This question is inspired by this answer. Coincidentally, I used to use Ethiopian Multiplication when I was a kid, but had never known the name of the method until recently.
Ethiopian multiplication is a method of multiplying integers using only addition, doubling, and halving.
- Take two numbers to be multiplied and write them down at the top of two columns.
- In the left-hand column repeatedly halve the last number, discarding any remainders, and write the result below the last in the same column, until you write a value of 1.
- In the right-hand column repeatedly double the last number and write the result below. stop when you add a result in the same row as where the left hand column shows 1.
- Examine the table produced and discard any row where the value in the left column is even. Sum the values in the right-hand column that remain to produce the result of multiplying the original two numbers together.
For example: 17 x 34
Halving the first column:
17 34 8 4 2 1
Doubling the second column:
17 34 8 68 4 136 2 272 1 544
Strike-out rows whose first cell is even, we'll do this by encasing those numbers on the right in square brackets:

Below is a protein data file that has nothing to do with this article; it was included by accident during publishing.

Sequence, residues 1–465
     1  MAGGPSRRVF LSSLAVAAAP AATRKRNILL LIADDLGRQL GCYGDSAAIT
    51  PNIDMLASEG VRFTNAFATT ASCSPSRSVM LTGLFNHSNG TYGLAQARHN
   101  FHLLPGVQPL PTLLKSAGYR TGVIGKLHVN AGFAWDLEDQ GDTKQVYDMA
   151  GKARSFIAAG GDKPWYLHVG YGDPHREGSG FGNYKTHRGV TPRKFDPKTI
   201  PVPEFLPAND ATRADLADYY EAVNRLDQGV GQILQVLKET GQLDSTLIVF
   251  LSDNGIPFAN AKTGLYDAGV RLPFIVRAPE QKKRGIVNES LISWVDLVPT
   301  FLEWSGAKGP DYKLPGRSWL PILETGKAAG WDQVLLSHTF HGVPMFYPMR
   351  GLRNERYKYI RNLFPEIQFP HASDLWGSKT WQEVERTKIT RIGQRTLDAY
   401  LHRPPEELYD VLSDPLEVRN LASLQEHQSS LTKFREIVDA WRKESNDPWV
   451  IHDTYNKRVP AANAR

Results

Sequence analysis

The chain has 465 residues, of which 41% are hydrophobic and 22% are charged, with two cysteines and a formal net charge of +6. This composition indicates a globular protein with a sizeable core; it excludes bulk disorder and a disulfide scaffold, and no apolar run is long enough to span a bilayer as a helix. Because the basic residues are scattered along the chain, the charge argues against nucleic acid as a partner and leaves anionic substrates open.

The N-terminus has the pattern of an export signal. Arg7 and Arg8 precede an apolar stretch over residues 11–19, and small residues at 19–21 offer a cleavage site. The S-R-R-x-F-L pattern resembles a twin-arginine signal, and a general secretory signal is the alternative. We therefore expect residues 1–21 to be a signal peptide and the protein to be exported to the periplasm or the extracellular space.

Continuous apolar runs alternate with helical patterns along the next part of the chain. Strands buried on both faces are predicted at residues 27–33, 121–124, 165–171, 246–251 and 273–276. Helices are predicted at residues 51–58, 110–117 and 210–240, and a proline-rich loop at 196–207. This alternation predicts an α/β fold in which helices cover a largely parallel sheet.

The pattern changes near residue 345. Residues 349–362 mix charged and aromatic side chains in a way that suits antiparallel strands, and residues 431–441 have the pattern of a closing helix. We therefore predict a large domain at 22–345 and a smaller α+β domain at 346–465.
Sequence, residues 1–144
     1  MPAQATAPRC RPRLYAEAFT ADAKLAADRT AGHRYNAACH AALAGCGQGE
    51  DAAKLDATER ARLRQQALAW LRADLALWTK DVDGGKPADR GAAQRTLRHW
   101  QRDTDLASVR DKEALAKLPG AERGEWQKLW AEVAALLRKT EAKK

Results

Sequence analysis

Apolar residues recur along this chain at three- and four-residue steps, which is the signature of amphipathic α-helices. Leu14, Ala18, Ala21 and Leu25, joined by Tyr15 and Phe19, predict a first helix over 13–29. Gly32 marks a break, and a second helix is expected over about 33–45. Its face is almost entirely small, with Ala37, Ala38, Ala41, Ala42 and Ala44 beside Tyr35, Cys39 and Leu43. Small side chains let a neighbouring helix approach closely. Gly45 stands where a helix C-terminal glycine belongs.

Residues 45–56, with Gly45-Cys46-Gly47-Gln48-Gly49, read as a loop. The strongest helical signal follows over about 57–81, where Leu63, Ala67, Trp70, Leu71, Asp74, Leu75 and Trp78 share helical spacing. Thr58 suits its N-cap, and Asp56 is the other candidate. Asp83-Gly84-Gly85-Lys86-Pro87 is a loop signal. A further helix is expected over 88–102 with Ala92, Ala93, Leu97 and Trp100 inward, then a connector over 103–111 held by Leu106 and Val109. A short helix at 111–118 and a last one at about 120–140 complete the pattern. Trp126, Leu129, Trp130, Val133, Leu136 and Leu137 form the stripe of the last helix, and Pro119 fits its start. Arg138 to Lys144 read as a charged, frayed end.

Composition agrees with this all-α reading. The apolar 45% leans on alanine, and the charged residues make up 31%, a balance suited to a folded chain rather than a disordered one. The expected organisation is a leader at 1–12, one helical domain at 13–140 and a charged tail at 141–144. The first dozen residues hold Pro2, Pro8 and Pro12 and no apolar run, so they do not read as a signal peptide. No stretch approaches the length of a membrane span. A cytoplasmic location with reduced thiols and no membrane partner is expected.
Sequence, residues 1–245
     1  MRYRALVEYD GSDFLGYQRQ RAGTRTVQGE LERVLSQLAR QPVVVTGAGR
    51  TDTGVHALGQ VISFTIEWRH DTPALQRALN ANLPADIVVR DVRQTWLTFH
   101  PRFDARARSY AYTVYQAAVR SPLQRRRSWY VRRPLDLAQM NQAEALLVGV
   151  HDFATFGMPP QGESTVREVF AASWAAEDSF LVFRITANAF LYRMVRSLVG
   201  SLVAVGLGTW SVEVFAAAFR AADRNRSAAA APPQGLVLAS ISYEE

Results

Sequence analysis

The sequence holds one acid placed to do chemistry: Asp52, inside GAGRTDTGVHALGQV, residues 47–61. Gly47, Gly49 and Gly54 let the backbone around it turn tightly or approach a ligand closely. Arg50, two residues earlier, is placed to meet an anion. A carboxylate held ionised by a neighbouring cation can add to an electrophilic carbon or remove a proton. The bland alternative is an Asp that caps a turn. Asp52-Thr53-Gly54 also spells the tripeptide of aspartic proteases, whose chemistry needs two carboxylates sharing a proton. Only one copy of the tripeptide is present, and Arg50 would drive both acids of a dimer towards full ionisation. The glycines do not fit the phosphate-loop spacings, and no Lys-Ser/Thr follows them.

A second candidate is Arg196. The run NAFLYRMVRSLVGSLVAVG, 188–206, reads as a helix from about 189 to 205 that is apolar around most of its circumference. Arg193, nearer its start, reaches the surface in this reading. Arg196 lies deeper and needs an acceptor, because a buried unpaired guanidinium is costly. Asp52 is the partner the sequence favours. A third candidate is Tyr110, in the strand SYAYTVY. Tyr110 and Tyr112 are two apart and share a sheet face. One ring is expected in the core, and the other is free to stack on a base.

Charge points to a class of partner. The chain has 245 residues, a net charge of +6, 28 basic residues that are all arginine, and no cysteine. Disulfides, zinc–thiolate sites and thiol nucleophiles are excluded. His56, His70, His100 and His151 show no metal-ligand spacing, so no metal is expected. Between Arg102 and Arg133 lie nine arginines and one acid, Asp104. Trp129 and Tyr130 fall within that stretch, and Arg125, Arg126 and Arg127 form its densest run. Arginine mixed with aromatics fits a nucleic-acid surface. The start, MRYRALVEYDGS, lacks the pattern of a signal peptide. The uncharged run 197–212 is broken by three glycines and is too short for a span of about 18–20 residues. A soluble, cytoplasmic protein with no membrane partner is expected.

17 34 8  4  2  1 544
Sum the remaining numbers in the right-hand column:
17 34 8  4  2  1 544 ===== 578
So 17 multiplied by 34, by the Ethiopian method is 578.
Golf code that takes two numbers between 1 and 1000 and perform the same layout and algorithm, displaying the product below.
Input Method: However you choose...
19 427 9 854 4  2  1 6832 ====== 8113
Please note the alignment of the digits. This is most important in the layout. Also note that the double line laid out by equal signs must be two characters longer than the overall answer and must be centre justified.
How will you be testing this? By providing a run of your program using two numbers. These numbers can be extracted from your user ID number (this can be obtained by hovering your cursor over your avatar on the top window). Take your number and take the last three digits, this will be number B, take whatever else remains at the front, that will be number A. Then test for A times B.
My user ID number is 8555, so my numbers are 8 and 555. So my output should look like this:
8  4  2  1 4440 ====== 4440
No native multiplication operators permitted save for in the use of "doubling", as per mentioned in the algorithm. In other words, if you're using an operator like *, it can only be used for multiplying by 2 only.
Entries that do not adhere to this will not be considered and the user will be escorted off the premises with a cardboard box full of their belongings. Each entry will have code, plus the test based on your user ID number.
This is code golf. Shortest number of bytes will receive the prize, glory and admiration of their peers... (And maybe a Lamborghini... I said "maybe"!)